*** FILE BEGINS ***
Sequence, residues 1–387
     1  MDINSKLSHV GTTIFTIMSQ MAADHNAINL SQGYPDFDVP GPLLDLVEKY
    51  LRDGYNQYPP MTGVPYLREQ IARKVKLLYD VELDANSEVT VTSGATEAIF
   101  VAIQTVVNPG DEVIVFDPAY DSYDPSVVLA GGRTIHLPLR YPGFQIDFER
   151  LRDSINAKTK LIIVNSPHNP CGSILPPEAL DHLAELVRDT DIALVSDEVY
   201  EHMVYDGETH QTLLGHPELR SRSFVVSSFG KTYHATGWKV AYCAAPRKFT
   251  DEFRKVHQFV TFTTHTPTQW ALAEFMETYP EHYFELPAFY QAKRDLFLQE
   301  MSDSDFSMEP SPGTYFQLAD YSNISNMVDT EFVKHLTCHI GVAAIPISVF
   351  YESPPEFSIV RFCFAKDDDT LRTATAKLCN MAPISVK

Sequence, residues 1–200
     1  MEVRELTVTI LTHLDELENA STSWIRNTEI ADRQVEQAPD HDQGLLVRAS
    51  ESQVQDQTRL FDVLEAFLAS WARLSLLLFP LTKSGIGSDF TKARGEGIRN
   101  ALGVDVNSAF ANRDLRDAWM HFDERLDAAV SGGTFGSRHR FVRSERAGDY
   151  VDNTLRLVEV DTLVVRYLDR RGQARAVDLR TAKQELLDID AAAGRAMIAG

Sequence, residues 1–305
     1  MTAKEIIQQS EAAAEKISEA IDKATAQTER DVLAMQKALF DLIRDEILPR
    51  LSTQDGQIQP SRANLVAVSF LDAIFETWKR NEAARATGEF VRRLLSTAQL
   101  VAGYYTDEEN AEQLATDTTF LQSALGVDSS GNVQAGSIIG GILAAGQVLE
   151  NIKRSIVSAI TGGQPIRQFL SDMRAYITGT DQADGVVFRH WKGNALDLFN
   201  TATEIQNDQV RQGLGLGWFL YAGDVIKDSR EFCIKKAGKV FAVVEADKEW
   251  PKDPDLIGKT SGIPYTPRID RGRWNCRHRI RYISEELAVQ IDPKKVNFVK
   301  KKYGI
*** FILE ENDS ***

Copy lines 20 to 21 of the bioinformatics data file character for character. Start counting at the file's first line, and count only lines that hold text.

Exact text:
   201  TATEIQNDQV RQGLGLGWFL YAGDVIKDSR EFCIKKAGKV FAVVEADKEW
   251  PKDPDLIGKT SGIPYTPRID RGRWNCRHRI RYISEELAVQ IDPKKVNFVK